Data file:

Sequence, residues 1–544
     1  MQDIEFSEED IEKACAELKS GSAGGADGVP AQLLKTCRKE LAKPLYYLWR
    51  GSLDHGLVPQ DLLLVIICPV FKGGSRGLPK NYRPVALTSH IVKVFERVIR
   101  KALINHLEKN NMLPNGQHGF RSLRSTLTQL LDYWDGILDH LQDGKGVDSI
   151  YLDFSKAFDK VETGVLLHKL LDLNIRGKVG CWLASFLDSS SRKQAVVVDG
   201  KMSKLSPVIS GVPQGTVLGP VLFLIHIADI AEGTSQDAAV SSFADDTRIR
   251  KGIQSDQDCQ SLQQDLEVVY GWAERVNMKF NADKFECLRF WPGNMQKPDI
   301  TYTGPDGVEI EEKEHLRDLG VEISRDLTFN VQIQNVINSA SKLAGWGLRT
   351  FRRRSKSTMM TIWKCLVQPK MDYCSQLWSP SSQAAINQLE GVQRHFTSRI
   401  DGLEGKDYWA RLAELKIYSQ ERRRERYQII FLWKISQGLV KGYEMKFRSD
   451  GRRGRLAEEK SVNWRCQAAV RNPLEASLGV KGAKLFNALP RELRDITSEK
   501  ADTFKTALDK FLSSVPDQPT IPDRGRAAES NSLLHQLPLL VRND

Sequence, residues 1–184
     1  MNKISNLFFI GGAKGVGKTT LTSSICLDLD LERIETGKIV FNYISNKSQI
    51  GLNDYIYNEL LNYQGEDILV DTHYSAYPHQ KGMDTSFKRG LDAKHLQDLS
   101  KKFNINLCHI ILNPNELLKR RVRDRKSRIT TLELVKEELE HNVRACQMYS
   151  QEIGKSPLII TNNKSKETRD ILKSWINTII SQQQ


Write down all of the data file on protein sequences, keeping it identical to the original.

Sequence, residues 1–544
     1  MQDIEFSEED IEKACAELKS GSAGGADGVP AQLLKTCRKE LAKPLYYLWR
    51  GSLDHGLVPQ DLLLVIICPV FKGGSRGLPK NYRPVALTSH IVKVFERVIR
   101  KALINHLEKN NMLPNGQHGF RSLRSTLTQL LDYWDGILDH LQDGKGVDSI
   151  YLDFSKAFDK VETGVLLHKL LDLNIRGKVG CWLASFLDSS SRKQAVVVDG
   201  KMSKLSPVIS GVPQGTVLGP VLFLIHIADI AEGTSQDAAV SSFADDTRIR
   251  KGIQSDQDCQ SLQQDLEVVY GWAERVNMKF NADKFECLRF WPGNMQKPDI
   301  TYTGPDGVEI EEKEHLRDLG VEISRDLTFN VQIQNVINSA SKLAGWGLRT
   351  FRRRSKSTMM TIWKCLVQPK MDYCSQLWSP SSQAAINQLE GVQRHFTSRI
   401  DGLEGKDYWA RLAELKIYSQ ERRRERYQII FLWKISQGLV KGYEMKFRSD
   451  GRRGRLAEEK SVNWRCQAAV RNPLEASLGV KGAKLFNALP RELRDITSEK
   501  ADTFKTALDK FLSSVPDQPT IPDRGRAAES NSLLHQLPLL VRND

Sequence, residues 1–184
     1  MNKISNLFFI GGAKGVGKTT LTSSICLDLD LERIETGKIV FNYISNKSQI
    51  GLNDYIYNEL LNYQGEDILV DTHYSAYPHQ KGMDTSFKRG LDAKHLQDLS
   101  KKFNINLCHI ILNPNELLKR RVRDRKSRIT TLELVKEELE HNVRACQMYS
   151  QEIGKSPLII TNNKSKETRD ILKSWINTII SQQQ